Locker-room power

Written by David Sammel on . Posted in Mental Strength

Would it surprise you to learn that many matches, at all levels of the game from the youngest juniors to highest touring pros, are won or lost even before the first ball is served? I call this locker-room power.

So, what is locker-room power? It is the term I use to define the difference between players who consistently win things and those who do not. It is part of the formula for success I have developed and understanding its ramifications can improve your game and your chances of winning matches and tournaments.

 

The formula for success

Desire (D) + 2 Weapons (W) + Belief (B) (which grows with winning) = Locker-room power (LRP)

D + 2W + B = LRP

Let me unlock the power of this formula by explaining in more detail how it works.

Desire

altThis gives a person the motivation to do all the hard work involved to reach their goal. It is the desire to do whatever is needed for however long it takes. It is the glue, the ability to compete and run for every ball and the strength to carry on during the 'low times'.

Weapons

A player needs to develop at least two weapons that really hurt opponents. These are two attributes that win points and that strike fear into opponents.

Belief

This develops over time when it becomes obvious why a player is winning matches. It is born of a great intent to hurt opponents with their weapons and the execution is consistent enough to cover their weaknesses.

altLocker-room power

The fear factor that is needed to seep the desire and belief away from opponents, so that many matches are won before a player steps on the court. LRP causes opponents to lose confidence during a tough match or doubt to creep into their mind in a crisis.

How does LRP manifest itself at different levels? Sport is not an exact science so the use of ages or terminology is adjustable. Below are examples of the common reasons why certain juniors are better than others, or why a player is effective at club level, or indeed what it takes to win a Grand Slam.

Juniors under 14 years

D + 2W + B = LRP

In general the two weapons used to win at junior level will be either:
  • Consistency and foot speed (good movement).
  • Earlier maturity, so there is an element of power with the consistency.
  • Consistency and maintaining a mature level of concentration ahead of the others.
  • Consistency and touch (the ability to drop shot, hit angles, change length and lob fairly accurately.) 

alt

Physical strength and growth/co-ordination limitations conspire against other children trying to build different weapons that will eventually be power-based or attacking-based weapons. However as these players move towards 14 there will be a growing evidence of their ability to win points and matches over the consistency players. If consistency is going to last as a weapon, use of accuracy and length combined with outstanding foot speed is essential.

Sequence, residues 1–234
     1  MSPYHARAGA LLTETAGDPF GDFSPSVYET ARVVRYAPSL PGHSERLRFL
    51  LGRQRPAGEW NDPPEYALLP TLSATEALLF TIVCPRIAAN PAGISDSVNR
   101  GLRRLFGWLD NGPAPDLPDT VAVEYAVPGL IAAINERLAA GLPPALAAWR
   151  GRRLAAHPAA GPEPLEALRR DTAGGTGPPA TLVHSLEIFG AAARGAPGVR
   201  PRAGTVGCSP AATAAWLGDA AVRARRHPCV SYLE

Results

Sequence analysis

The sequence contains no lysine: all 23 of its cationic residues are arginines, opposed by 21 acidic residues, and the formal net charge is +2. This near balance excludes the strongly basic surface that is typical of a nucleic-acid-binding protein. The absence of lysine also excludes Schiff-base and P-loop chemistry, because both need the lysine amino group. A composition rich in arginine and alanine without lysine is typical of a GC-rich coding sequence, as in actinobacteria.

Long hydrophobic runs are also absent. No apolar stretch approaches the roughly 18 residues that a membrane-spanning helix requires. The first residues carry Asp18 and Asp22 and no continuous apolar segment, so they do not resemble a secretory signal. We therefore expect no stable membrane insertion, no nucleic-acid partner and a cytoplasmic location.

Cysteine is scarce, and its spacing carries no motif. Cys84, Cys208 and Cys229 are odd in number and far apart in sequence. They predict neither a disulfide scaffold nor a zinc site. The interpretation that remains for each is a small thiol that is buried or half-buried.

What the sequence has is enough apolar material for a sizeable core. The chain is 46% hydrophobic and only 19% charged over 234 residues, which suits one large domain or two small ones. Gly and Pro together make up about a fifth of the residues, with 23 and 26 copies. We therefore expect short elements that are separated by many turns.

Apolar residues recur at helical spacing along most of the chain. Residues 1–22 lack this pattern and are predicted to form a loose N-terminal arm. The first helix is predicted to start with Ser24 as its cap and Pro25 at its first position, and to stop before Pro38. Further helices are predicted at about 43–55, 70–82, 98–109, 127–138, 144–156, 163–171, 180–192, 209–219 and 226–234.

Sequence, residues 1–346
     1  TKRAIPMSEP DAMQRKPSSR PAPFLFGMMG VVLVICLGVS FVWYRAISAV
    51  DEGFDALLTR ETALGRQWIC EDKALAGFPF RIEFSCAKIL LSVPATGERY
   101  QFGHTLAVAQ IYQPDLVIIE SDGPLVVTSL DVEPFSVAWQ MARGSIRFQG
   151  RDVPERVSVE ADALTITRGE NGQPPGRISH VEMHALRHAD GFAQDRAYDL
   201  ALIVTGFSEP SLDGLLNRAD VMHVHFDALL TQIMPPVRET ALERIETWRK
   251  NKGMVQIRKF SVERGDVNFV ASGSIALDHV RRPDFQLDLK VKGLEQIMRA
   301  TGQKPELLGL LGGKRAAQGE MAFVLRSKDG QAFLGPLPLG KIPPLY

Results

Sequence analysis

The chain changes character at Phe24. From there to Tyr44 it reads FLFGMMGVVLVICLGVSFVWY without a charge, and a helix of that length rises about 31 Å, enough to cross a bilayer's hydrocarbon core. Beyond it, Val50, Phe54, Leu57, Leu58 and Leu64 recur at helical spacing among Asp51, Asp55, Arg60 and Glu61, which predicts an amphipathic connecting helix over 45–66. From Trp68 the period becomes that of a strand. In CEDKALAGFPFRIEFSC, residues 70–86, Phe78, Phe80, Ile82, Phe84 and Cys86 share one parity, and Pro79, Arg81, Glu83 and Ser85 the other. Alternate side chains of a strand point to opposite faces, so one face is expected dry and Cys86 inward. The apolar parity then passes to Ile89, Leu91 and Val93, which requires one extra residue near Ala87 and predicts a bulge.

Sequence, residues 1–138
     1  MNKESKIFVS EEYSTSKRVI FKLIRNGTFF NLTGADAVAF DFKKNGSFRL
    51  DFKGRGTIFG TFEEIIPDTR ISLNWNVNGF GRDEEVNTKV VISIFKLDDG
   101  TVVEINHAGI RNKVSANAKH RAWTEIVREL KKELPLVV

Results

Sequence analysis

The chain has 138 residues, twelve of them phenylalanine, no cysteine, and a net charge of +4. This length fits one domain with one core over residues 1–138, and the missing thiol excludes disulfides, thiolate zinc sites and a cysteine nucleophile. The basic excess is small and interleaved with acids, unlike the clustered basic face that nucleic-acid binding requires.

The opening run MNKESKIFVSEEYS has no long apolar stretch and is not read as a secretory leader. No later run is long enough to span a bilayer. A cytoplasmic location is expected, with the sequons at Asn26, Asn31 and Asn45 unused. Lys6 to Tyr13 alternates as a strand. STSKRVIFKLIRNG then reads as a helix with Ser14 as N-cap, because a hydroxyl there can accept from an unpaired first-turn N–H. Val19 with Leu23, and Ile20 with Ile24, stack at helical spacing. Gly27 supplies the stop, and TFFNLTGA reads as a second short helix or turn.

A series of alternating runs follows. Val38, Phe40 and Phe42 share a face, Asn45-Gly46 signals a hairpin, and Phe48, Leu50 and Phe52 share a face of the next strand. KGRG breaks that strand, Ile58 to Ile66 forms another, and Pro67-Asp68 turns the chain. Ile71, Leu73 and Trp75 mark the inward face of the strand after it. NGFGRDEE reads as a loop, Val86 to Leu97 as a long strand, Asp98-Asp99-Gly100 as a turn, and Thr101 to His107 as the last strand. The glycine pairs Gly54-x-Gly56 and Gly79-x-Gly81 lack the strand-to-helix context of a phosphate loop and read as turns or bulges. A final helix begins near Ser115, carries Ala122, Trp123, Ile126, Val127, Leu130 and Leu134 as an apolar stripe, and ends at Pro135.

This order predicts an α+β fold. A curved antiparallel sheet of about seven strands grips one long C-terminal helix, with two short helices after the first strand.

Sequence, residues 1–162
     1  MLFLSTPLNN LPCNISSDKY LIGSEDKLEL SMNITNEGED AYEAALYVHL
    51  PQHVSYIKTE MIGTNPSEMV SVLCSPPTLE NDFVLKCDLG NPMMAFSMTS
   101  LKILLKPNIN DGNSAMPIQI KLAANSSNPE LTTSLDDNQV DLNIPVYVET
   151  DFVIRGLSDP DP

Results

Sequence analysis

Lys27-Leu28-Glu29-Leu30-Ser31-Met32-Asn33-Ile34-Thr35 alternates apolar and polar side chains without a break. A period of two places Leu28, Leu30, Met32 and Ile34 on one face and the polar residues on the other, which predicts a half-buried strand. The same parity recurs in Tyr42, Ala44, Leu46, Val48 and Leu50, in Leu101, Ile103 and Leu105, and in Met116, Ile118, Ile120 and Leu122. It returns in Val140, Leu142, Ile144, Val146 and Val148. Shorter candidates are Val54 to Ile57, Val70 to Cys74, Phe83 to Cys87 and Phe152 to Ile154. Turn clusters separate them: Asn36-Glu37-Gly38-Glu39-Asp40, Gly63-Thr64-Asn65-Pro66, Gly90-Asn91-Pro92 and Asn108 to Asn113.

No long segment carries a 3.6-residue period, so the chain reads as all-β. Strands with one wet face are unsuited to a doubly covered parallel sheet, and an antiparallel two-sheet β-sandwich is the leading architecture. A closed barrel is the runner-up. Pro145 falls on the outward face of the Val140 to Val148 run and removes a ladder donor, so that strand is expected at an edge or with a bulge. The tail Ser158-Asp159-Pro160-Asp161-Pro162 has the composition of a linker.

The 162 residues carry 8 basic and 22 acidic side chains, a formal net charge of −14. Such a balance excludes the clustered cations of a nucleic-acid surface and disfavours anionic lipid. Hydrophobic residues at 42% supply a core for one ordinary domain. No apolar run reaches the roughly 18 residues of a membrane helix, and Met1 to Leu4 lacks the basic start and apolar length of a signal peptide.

altClub Players:

D + 2W + B = LRP

The best player in a club or league is often identical to an under-fourteen player, with desire being the critical factor. How hard is an adult playing for recreation prepared to push in order to win? Since strength is available, there are many combinations of weapons that players possess that are effective:

  • A good serve and good forehand.
  • A good serve and good volleys
  • A good slice backhand with a devastating drop shot.
  • Great touch with an ability to rush opponents.

The list can go on and on but the successful player will have harnessed their desire into a relaxed focus (a mature level of concentration) to consistently execute whatever weapons they possess.

It is worthwhile analysing your opponents and getting a clear picture of what their two weapons are and how they use them to win. Using this knowledge you can learn not only how to defend against the weapons but also how to find a way of introducing your own weapons into the game.

The pros

D + 2W + B = LRP

Based on this formula it is easy to understand when players have LRP and when they lose some power. Current examples of LRP on the up and LRP waning would be Andy Roddick and Andre Agassi. Roddick has the desire (done the work) + 2 weapons (serve and forehand) and belief (helped by Brad Gilbert which started with winning Queens, followed by 2 Masters Series after Wimbledon) = LRP (which helped him steamroller many players and get him through the crisis match with Nalbandian) Also his win over Roger Federer in Montreal sent a clear message to the tour that he was still improving quickly.

alt

Agassi may still have the desire + 2 weapons (early ball and precision) + belief (he has done it so many times before) = LRP. However LRP is based on winning and perception and the perception is that he has lost half a yard in speed.

Whether it is true or not is irrelevant because he gets less easy matches because many players believe they can beat and are prepared to test Agassi longer and harder. This means longer and tougher matches, so he has less recovery time when he is at an age in his career when recovery is slower, which is a double whammy. The fact that Andre has more than two weapons plus experience explains why he is still a force and can possibly re-establish momentum to win another Slam.